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Let $\{t_k\}_{k=-\infty}^\infty$ be a sequence of real numbers. I'm interested in finding the largest number A such that \begin{equation*} \int_{-\Omega}^\Omega|\sum_{k=-\infty}^{+\infty}c_ke^{2\pi i t_kf}|df\ge A \sum_{k=-\infty}^{+\infty}|c_k| \end{equation*} holds for every sequence $\{c_k\}_{k=-\infty}^\infty$. Clearly, $A$ depends on the sequence $t_k$. In particular I'm interested in the case where the sequence $t_k$ are separated. That is, \begin{equation*} \min_{k\neq\ell}|t_k-t_\ell|\ge \delta. \end{equation*} So I would like to calculate $A$ as a function of $\delta$.

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I don't see where the $t_k$ appear in your inequality... – Yemon Choi Jul 15 '13 at 0:17
thanks, I corrected my question it appears in the power of exponentials. – mohi Jul 15 '13 at 0:19
Since continuous functions on the circle can have Fourier series which are not absolutely convergent, my first guess is that you will need some stronger assumptions on your sequence $(t_k)$ to even guarantee the existence of such an $A$ – Yemon Choi Jul 15 '13 at 0:29
My conjecture is that if $\delta>\frac{1}{\Omega}$ then one has $A\ge 1$. I believe that some work of Arne Beurling implies that if $\delta<\frac{1}{2\Omega}$ then $A=0$. – mohi Jul 15 '13 at 0:37
A trivial remark which shows at least where the threshold $1/(2\Omega)$ you mention might somehow come from: for $\Omega=\pi$ and $t_k=k/(2\pi)$, the Dirichlet kernel gives $\simeq \log n$ on the lhs and $2n+1$ on the rhs. So there does not exist $A>0$ in this case. – 1015 Jul 15 '13 at 2:19

Here's something in the vein of a counterexample, at least to what you're conjecturing. Let $r > 1$, and consider the sequence $t_{k} = r k / \Omega$, which has $\min_{k \neq \ell} | t_{k} - t_{l} | = r / \Omega > 1 / \Omega$. By changing variable in the integral, the inequality becomes $$ \frac{\Omega}{r} \int_{-r}^{r} \biggl| \sum_{k} c_{k} e^{2 \pi i k x} \biggr| \, dx \geq A \sum_{k} |c_{k}|. $$ This inequality in turn implies $$ \frac{2 \Omega \lceil r \rceil}{r} \int_{0}^{1} \biggl| \sum_{k} c_{k} e^{2 \pi i k x} \biggr| \, dx \geq A \sum_{k} |c_{k}|. $$

I'm not familiar with the intricacies of convergence of Fourier series, but this latter inequality is essentially of the form $$ \| \hat{g} \|_{1} \leq C \| g \|_{1} $$ for functions $g$ on the unit circle $\mathbb{T}$, and no such inequality holds.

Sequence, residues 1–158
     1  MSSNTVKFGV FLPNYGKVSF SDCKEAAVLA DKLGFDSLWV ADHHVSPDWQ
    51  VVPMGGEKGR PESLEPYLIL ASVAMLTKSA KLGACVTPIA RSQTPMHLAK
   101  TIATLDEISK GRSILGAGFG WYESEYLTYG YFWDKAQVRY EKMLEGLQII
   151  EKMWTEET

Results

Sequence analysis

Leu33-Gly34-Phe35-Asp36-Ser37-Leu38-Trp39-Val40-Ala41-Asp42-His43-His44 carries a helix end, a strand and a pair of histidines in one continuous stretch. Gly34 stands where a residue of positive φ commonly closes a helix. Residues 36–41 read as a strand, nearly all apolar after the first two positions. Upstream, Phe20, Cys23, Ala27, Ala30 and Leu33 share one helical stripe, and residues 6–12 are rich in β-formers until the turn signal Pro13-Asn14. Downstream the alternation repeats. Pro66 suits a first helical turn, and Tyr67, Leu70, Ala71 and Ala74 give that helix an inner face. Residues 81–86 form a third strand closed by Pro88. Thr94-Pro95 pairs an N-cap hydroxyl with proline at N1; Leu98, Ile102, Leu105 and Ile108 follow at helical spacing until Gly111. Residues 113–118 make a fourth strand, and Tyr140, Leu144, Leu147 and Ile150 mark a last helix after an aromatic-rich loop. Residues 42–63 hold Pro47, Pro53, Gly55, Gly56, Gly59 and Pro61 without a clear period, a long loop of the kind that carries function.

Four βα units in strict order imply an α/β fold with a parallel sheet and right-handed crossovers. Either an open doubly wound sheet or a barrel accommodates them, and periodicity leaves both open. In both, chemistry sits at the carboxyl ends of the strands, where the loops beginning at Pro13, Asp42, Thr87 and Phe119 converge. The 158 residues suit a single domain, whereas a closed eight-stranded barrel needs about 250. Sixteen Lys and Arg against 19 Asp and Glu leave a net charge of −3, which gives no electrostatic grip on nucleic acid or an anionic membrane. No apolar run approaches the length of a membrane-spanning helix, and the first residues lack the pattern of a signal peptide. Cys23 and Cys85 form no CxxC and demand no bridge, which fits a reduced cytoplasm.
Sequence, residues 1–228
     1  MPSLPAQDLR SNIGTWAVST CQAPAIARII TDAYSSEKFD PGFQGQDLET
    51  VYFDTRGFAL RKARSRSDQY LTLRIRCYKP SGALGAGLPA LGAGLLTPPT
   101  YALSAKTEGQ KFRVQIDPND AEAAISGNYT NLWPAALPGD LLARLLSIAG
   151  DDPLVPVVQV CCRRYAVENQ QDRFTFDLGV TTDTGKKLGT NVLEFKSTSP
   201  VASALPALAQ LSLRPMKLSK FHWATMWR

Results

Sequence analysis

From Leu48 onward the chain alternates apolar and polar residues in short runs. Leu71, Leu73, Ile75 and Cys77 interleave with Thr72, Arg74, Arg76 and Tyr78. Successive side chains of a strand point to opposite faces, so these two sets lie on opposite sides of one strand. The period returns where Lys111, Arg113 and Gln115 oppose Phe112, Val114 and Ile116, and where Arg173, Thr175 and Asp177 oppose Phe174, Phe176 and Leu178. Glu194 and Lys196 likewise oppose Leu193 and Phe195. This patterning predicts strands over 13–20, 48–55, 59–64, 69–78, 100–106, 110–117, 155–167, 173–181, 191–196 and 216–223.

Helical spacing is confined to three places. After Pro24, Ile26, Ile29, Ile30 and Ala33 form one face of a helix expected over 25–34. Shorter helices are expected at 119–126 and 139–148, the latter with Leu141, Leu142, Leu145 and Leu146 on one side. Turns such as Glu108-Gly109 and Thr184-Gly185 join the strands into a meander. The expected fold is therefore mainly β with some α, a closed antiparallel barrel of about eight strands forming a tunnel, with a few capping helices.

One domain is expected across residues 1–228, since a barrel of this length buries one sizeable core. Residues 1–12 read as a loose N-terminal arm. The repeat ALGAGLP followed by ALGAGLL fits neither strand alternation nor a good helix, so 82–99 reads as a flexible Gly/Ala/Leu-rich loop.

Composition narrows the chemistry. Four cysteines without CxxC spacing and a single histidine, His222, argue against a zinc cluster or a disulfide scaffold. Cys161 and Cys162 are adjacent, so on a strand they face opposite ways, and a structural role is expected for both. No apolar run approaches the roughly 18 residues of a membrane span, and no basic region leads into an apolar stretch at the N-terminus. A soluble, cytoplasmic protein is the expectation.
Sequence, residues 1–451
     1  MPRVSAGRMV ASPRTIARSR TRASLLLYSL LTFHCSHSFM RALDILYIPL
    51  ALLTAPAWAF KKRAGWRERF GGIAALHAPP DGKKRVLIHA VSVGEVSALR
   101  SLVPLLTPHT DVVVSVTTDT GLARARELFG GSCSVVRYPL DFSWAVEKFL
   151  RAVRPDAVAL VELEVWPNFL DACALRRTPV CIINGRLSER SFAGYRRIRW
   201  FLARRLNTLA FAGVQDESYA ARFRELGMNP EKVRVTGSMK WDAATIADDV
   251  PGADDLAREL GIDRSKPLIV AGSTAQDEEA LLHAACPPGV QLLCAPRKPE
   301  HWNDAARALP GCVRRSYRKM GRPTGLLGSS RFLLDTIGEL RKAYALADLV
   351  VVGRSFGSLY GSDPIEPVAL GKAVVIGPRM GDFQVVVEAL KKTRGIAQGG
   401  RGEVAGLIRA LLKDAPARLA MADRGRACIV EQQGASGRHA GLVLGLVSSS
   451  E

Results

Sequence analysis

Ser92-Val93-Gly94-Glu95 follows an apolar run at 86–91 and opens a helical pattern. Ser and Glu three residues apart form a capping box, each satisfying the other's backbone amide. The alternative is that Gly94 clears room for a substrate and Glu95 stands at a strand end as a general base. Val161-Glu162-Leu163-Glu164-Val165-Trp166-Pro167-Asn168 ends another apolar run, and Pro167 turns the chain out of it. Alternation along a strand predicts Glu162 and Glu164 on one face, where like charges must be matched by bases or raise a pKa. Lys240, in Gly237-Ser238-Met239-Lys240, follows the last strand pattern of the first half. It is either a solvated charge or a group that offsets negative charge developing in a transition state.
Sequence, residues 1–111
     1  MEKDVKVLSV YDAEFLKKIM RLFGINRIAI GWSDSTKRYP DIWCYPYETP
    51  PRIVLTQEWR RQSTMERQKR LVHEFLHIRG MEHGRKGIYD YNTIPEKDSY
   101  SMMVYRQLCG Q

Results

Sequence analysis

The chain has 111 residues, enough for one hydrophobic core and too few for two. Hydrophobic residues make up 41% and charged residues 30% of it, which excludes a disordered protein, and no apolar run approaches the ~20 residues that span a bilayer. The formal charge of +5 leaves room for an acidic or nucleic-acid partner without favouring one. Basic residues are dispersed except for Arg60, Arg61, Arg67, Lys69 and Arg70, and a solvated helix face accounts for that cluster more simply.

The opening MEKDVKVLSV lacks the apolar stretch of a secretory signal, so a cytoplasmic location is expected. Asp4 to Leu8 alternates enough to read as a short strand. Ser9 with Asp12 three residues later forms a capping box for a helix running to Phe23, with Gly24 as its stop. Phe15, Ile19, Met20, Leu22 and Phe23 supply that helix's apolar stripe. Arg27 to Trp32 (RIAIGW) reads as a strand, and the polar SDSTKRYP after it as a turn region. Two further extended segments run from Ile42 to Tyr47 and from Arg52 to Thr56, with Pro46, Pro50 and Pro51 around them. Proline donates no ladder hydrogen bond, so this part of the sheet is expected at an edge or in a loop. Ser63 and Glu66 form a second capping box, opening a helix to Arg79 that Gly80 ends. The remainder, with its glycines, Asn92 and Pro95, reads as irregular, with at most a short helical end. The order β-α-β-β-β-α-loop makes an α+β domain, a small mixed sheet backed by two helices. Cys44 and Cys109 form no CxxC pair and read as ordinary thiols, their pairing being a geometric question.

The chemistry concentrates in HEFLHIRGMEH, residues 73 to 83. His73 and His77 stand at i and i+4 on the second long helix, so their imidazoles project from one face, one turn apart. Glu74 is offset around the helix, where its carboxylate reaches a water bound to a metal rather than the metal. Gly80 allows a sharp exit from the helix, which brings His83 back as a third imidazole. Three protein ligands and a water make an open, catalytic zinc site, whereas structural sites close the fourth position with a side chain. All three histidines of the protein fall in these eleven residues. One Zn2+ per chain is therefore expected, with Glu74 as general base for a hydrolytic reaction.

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As Julien (in the comments) and Jason (in the previous answer) point out, the inequality you want is impossible, which is easily seen by considering the case of a Dirichlet kernel. Also I am perplexed by comment about a result of Arne Beurling. Clearly, the left hand side of your proposed inequality is non-negative, so the result is trivial with $A=0$.

However, there is an much weaker inequality of the form you want. The inequality states (for $\Omega >1/2$) that:

$$\int_{-\Omega}^\Omega|\sum_{k=1}^{\infty}c_ke^{2\pi i t_k x}|dx \ge A \sum_{k=1}^{\infty}\frac{|c_k|}{k} $$

where $t_{k+1}-t_{k} \geq 1$ and $A$. Note that you can rescale to consider the case of smaller $\delta$ (after adjusting $\Omega$ appropriately).

This was proven by Fedja Nazarov in On a proof of the Littlewood conjecture by McGehee, Pigno and Smith. Algebra i Analiz 7 (1995), no.2, pp. 106-120.

As the title suggests, the proof is a generalization of the McGehee-Pigno-Smith proof of Littlewood's conjecture on exponential sum which is precisely the case with $\Omega =1/2$ and the $t_i$'s are taken to be distinct integers.

One can see that the left side of Nazarov's inequality is of the order $\log(n)$ in the case of the Dirichlet kernel of size $n$. Thus, apart from the implicit constant, this inequality is best possible.

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